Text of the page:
UNITED NATIONS — A Bethpage man who had been detained by Egyptian authorities since 2013 and who launched a hunger strike protesting his conviction on charges that he and his supporters said were bogus has died in Cairo while in custody, his attorney and U.S. officials said.
The death of Moustafa Kassem, who had both American and Egyptian citizenship, was announced by his Washington-based attorney, Praveen Madhiraju of Pretrial Rights International. And it comes despite efforts on Kassem's behalf by top U.S. officials, including Vice President Mike Pence.
“I’m deeply saddened to learn today of the death of U.S. citizen Moustafa Kassem, who had been imprisoned in Egypt since 2013,” said Assistant Secretary of Near Eastern Affairs David Schenker at a briefing in Washington Monday. “His death in custody was needless, tragic, and avoidable. We send our sincere condolences to Mr. Kassem’s wife and family at this painful time. I’ll continue to raise our serious concerns over human rights and Americans detained in Egypt at every opportunity, as will the entire team at the Department of State.”
Officials at Egypt's mission to the UN could not be reached for comment.
Madhiraju had represented Kassem on behalf of his family on Long Island, including his wife and two children in Bethpage. But Kassem, 54, also received bipartisan support for his release from Long Island-based federal lawmakers — Reps. Peter King (R-Seaford) and Thomas Suozzi (D-Glen Cove).
“We are extremely saddened by the tragic death of Moustafa Kassem, a resident of Bethpage who had been wrongfully held in Egyptian prison for the last six years. Moustafa was a father of two and small business owner, who despite our repeated attempts to secure his release through letters and communications with the Department of State and Egyptian government, remained imprisoned," the congressmen said in a statement.
“Today, Egyptian-American Moustafa Kassem passed away after more than six years of unjust detention and negligent medical care in Egypt,” read a statement from Pretrial Rights International. “The immediate cause of death is believed to be heart failure, though an autopsy is being scheduled.”
Kassem, who went on a hunger strike in September 2018 to protest his conviction and 15-year prison term, had written at least two letters to President Donald Trump, his March 8, 2019, letter saying that he was “cognizant that such a strike may cost me my life.”
Kassem and his family said that the former auto shop owner was in the wrong place at the wrong time when he was arrested by Egyptian authorities during a crackdown on dissent following the overthrow in 2013 of then-Egyptian President Mohammed Morsi.
Military forces detained and dispersed thousands of people assembled at Rabaa al-Adawiya Square on Aug. 14, 2013, and broke up a protest camp because they were supporting Morsi, the Muslim Brotherhood leader who was elected in June 2012, according to media and independent expert reports.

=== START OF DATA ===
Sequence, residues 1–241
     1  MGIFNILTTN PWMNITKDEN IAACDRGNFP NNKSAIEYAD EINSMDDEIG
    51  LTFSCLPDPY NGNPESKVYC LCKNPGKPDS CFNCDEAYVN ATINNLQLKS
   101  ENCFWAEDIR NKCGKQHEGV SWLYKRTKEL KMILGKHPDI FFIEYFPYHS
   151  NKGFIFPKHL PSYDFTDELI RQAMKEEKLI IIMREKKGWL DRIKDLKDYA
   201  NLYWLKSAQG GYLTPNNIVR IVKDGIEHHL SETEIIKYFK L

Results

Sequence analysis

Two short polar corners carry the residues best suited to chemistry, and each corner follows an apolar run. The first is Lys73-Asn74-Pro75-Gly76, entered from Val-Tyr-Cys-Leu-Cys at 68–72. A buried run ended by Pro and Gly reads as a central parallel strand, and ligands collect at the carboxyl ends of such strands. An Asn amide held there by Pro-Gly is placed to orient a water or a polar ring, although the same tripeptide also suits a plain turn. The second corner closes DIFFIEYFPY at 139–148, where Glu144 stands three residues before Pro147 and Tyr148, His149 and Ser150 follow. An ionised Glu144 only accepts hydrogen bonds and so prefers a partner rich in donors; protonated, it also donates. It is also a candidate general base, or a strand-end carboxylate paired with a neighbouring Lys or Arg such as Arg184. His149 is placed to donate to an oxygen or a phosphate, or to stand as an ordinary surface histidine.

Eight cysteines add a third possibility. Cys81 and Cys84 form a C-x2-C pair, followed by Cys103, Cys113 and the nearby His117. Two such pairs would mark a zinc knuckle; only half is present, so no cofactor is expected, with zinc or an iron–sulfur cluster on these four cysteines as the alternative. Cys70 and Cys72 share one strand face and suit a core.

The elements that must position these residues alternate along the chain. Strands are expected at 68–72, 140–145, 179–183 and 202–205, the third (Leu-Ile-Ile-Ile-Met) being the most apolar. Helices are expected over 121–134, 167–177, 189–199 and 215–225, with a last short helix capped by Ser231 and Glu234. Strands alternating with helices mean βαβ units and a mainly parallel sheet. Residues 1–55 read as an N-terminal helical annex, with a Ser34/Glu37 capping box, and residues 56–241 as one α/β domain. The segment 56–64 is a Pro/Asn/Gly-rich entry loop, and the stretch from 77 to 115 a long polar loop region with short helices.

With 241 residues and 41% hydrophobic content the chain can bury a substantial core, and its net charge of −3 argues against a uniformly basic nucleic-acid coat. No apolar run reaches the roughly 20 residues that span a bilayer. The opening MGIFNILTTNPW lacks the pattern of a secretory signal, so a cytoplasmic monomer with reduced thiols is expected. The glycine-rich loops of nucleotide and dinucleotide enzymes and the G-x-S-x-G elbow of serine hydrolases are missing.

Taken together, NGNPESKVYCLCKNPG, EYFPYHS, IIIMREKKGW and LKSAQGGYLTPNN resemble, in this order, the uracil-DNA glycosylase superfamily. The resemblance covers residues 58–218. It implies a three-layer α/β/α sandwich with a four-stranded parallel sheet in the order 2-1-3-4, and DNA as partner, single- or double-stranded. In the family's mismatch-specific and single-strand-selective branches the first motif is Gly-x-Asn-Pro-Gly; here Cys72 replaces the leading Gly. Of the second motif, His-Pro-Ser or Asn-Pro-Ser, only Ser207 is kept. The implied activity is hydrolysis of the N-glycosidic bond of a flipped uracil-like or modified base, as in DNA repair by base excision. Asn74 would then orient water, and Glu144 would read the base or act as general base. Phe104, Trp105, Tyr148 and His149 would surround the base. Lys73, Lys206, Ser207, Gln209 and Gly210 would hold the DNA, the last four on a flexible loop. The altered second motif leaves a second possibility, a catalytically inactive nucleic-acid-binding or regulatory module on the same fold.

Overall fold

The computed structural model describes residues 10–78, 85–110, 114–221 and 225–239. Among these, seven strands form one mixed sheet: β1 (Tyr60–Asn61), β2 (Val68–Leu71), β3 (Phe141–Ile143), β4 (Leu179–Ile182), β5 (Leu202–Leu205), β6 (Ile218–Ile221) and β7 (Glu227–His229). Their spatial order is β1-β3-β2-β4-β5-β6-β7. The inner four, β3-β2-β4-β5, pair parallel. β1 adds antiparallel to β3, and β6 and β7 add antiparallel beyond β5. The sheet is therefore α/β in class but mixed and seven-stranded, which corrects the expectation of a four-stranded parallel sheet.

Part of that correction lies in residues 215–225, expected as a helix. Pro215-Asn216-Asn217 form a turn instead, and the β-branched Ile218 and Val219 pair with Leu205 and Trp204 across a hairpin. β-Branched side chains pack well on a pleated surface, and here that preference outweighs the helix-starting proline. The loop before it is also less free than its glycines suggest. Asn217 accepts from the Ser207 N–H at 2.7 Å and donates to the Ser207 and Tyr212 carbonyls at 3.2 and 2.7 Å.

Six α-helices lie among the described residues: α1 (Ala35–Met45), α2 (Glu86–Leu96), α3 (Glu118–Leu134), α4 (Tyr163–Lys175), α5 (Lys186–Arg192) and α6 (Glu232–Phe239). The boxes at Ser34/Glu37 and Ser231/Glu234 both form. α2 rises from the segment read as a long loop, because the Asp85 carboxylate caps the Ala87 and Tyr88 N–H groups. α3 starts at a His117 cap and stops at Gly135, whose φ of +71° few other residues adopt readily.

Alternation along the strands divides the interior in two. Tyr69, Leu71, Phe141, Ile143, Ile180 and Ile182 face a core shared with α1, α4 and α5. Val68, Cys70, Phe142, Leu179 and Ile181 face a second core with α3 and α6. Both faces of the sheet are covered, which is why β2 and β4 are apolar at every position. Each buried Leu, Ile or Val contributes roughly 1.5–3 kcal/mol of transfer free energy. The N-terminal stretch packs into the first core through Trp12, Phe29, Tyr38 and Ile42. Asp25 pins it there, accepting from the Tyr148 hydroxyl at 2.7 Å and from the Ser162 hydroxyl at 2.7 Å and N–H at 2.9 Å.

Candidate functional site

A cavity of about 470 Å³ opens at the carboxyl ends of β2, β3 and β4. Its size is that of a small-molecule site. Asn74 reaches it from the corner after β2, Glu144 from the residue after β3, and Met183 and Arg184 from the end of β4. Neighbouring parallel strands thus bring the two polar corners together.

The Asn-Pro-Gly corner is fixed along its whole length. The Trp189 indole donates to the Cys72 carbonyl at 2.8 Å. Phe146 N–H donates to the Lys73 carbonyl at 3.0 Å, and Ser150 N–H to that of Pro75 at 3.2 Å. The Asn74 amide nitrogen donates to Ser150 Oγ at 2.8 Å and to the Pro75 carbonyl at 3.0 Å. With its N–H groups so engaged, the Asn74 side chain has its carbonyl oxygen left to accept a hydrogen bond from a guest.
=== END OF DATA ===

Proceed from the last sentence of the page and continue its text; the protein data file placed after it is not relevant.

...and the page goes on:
Morsi rose to the top of Egyptian politics and was elected president in June 2012 in the aftermath of the Arab Spring, the wave of anti-authoritarian protests across the Middle East that toppled several longtime leaders, including Hosni Mubarak, who was president of Egypt for three decades until he stepped down in February 2011 in response to popular demand.
But Morsi himself, considered the first democratically elected Egyptian president, was overthrown a year later by military commanders — including then-General Sisi — and jailed. The Muslim Brotherhood is now outlawed, and Morsi himself collapsed and died last June as he stood on trial in a Cairo courtroom.
Human Rights Watch issued a report one year after the violent crackdown on dissidents in Rabaa al-Adawiya Square, which occurred several weeks after Morsi’s ouster, and said the “indiscriminate and deliberate use of lethal force resulted in one of the world’s largest killings of demonstrators in a single day in recent history.” The report said between 817 and 1,000 people were killed.
Kassem’s brother in law, Mostafa Ahmed of Bethpage, who was with Kassem when he was detained, said the pair were in Egypt at the time of his arrest to visit Kassem’s wife and children, and that neither of them played a role in the protests. Relatives were not available for comment Monday.
They said Kassem, who was due to fly back to the United States 12 days later, had gone to a shopping mall to change currency but was captured during a sweep when the crackdown spread far beyond the square.
Ahmed has said that Kassem showed his U.S. passport to the authorities and they proceeded to beat him before detaining him.
In September 2018, Kassem was convicted along with over 700 other defendants and sentenced to 15 years in prison — some were given death sentences — in a trial that had been criticized by human rights groups and UN High Commissioner for Human Rights Michelle Bachelet.
“The conduct of the trial in the Cairo Criminal Court has been widely criticized,” Bachelet said at the time. “And rightly so. The 739 people were tried en masse, and were not permitted individual legal representation before the court. In addition, the accused were not given the right to present evidence in their defense, and the prosecution did not provide sufficient evidence to prove individual guilt. The evident disregard of basic rights of the accused places the guilt of all those convicted in serious doubt. In particular, the 75 death sentences affirmed yesterday, if implemented, would represent a gross and irreversible miscarriage of justice.”